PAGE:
January job numbers reflect stronger market
NEW YORK - OCTOBER 08: Dale Chandler's unemployment insurance notice sits on a table on October 8, 2010 in the Brooklyn borough of New York City. The U.S. government reported today that the U.S. economy continued to shed jobs for the month of September. The unemployment rate remained unchanged at 9.6 percent in August
TEXT OF STORY
JEREMY HOBSON: Well if you believe the groundhog who reportedly did not see his shadow this morning it's going to be an early spring. And if you believe the numbers this morning the nation's employment picture is already heating up. The job placement firm Challenger Gray and Christmas says employers announced just 39,000 job cuts last month. That's the lowest January figure since tracking began in 1993.
Let's bring in John Challenger the firm's CEO. He joins us live. Good morning.
JOHN CHALLENGER: Good morning Jeremy.
HOBSON: So on average, John, employers announce about 100,000 job cuts each January -- last month it was just 39,000. is that number as good as it seems?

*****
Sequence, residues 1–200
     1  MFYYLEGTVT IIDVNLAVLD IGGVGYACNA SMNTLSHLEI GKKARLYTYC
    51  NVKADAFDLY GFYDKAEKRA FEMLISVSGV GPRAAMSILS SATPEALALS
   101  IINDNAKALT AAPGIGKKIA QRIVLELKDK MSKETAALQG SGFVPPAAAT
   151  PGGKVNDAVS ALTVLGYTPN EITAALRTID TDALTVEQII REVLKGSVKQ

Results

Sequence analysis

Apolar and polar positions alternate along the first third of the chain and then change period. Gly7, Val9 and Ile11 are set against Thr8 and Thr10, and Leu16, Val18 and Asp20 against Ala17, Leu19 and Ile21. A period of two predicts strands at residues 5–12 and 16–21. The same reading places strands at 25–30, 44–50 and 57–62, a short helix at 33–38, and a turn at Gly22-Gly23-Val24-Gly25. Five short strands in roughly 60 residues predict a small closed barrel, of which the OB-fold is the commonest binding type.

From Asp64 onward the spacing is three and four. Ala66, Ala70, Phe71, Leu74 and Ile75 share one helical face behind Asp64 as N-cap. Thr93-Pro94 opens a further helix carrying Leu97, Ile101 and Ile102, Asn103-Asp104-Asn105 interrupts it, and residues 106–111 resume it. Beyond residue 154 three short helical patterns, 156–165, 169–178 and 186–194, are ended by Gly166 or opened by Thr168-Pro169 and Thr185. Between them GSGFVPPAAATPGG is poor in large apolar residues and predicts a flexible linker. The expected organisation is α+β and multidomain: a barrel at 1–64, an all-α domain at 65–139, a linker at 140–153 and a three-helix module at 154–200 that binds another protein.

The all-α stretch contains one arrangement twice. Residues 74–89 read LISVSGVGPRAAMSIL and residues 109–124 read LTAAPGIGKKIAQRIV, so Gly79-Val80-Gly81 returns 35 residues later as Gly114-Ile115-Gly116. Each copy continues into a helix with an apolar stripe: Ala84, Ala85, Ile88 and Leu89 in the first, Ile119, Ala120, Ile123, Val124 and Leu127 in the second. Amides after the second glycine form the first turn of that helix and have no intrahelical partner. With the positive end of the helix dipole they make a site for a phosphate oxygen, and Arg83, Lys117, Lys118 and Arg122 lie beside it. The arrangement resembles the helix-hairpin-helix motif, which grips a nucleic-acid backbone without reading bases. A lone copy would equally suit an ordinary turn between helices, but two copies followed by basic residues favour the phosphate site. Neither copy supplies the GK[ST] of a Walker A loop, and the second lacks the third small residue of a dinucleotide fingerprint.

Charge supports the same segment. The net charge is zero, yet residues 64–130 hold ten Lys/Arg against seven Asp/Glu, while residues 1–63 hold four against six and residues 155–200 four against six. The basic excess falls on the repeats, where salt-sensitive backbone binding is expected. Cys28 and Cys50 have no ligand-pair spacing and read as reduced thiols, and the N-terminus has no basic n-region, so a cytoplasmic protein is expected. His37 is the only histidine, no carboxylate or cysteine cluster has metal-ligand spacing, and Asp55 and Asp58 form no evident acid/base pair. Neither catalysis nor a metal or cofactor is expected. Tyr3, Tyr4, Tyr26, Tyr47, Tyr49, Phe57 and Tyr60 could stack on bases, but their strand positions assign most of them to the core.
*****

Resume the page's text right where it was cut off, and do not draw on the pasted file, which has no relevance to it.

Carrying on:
CHALLENGER: Well the cuts were up 20 percent from December, but that was a very low month as well. And it's very unusual because usually what we see is a big spill over affect in January as companies hold off laying people off in the late part of December and then they move them into January. So this is really a very positive sign.
HOBSON: Where are the job cuts that we did see coming from?
CHALLENGER: Job cuts are heaviest in the government sector. That area is still in recession, maybe going into further recession. We saw over 6,000 cuts there. The big deficits are inevitably going to lead to more state, local job cuts at that part of the economy.
HOBSON: And what do you think, John, that this mean for the big employment report that we're going to get on Friday from the Labor Department?
CHALLENGER: I think it's a positive signal. Now the unemployment rate took a big drop from 9.8 percent to 9.4 percent. Usually there's an adjustment back when you see that big of a jump. But usually moves in tenths of a percent. But still, all in all, for January and on into 2011, this is a sign that the economy from the labor perspective is getting much better.
HOBSON: Good to hear. John Challenger, CEO of Challenger Gray and Christmas, thanks as always for your time.
CHALLENGER: Thank you.